On a recent attempt to stream the Japan-A-Radio Fanimecon show, I had a really bad case of skipping and shuddering. To solve it, I figured I’d change the amount VLC buffers the connection. It turns out that this doesn’t work the way it seems like it should. What it seems like changing the buffer amount is this: it should buffer for the time set and then start playing, basically delaying everything by the set time. It doesn’t do it that way though.
Even though this solution didn’t solve my problem, I’ll still explain how to set the buffer time in VLC.
First go to
Tools > Preferences. A new window will popup, on the left side, look towards the bottom at show settings. It’s set to simple, so click all instead. The window will change now. From here, on the tree menu on the left, click on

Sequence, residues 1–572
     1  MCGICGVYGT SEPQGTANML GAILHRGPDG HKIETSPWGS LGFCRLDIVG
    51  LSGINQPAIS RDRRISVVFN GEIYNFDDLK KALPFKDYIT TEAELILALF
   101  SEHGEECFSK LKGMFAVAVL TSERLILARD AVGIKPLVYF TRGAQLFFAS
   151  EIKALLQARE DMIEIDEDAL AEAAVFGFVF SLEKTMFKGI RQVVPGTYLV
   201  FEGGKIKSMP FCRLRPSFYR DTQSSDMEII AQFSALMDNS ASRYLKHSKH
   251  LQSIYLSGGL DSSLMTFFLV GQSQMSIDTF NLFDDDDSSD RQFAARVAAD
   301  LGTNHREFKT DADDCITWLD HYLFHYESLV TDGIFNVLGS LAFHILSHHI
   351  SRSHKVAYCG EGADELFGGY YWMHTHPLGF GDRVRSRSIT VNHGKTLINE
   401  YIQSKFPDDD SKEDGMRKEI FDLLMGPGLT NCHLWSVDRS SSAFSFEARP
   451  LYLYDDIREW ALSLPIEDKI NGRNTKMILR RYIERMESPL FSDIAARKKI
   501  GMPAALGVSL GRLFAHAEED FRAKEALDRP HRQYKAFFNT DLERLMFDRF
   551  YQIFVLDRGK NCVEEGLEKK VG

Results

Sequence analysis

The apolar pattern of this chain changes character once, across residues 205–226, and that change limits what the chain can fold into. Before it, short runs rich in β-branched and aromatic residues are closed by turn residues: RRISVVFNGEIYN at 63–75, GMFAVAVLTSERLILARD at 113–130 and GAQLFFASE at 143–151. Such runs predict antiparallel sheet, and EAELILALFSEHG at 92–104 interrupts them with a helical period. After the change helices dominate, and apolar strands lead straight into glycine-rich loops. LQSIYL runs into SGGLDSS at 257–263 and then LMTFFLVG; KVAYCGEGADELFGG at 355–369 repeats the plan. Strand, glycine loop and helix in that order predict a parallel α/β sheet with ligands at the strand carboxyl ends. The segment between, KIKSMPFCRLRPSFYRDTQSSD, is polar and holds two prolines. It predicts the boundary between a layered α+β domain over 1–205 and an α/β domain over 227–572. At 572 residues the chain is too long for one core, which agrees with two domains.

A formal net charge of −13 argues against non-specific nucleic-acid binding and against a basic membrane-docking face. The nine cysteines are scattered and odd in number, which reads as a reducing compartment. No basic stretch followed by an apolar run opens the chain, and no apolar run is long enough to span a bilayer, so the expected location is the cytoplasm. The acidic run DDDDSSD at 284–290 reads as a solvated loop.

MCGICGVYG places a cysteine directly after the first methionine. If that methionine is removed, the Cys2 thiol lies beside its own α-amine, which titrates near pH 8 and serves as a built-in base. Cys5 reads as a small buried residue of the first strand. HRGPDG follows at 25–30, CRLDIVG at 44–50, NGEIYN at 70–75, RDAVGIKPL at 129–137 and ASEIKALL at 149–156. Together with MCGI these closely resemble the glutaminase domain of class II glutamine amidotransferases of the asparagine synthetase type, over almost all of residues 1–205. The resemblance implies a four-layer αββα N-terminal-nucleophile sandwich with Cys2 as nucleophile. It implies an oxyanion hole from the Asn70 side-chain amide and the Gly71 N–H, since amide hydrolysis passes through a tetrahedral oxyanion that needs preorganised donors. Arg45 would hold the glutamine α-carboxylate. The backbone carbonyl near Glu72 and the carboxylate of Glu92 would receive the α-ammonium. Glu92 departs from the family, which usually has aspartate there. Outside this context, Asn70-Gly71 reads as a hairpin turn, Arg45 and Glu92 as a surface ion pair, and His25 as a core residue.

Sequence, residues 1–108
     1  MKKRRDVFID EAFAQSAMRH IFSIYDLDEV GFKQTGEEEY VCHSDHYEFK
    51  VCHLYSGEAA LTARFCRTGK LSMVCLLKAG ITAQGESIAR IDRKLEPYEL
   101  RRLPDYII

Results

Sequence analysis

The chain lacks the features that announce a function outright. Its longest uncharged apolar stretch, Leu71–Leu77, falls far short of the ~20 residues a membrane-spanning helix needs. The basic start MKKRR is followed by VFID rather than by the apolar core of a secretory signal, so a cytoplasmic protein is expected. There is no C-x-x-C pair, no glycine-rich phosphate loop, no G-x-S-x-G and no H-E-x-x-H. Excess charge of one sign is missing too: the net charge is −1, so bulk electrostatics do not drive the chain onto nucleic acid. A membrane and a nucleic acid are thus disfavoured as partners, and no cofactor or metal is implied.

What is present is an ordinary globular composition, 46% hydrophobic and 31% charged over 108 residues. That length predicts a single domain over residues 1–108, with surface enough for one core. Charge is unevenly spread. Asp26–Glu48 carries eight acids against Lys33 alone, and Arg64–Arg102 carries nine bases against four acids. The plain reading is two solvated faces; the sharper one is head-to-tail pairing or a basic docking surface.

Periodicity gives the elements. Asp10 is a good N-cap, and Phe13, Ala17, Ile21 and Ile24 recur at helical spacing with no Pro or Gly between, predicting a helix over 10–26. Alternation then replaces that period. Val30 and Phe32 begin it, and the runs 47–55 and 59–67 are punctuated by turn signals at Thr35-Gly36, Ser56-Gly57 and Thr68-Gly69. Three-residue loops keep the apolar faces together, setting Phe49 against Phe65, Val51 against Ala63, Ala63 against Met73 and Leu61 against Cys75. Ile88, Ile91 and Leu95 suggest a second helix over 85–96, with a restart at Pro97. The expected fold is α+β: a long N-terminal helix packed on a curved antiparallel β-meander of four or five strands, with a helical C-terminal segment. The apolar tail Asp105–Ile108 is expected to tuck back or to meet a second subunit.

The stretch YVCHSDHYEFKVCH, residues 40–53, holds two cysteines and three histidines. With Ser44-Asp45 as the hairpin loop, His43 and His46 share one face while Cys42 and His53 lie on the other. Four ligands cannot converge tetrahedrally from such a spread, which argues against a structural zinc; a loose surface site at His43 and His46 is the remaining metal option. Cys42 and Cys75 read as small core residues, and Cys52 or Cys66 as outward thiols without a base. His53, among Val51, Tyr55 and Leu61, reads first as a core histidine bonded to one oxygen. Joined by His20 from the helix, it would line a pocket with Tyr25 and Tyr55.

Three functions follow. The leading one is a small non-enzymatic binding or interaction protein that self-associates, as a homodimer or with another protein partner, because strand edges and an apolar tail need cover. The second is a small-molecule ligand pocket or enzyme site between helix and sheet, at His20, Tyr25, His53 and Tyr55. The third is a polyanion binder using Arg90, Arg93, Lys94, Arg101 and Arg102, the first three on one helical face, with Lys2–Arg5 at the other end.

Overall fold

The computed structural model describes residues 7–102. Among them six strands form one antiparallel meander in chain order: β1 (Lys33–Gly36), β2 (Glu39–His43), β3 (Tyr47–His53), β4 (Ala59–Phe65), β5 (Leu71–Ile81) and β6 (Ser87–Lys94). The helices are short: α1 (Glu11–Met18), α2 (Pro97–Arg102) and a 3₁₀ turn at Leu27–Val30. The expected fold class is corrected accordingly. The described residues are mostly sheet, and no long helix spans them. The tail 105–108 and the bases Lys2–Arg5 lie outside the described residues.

Input / Codes > Access Modules > HTTP(S). There are a few proxy settings so just ignore those. You’re looking for the caching value in ms. In the numeric box to the left of that label, you’ll see a number that is in milliseconds. You can change this to accommodate longer buffering times. For reference, 1000 milliseconds is 1 second, so 120 seconds (two minutes) is 120000 milliseconds.
That’s all there is to changing the buffering time in VLC but it doesn’t appear to always work. In the same
Access Modules section of the preferences, you can additionally set different cache values for other methods of streaming. Perhaps audio/mpega is not streamed with HTTP(S).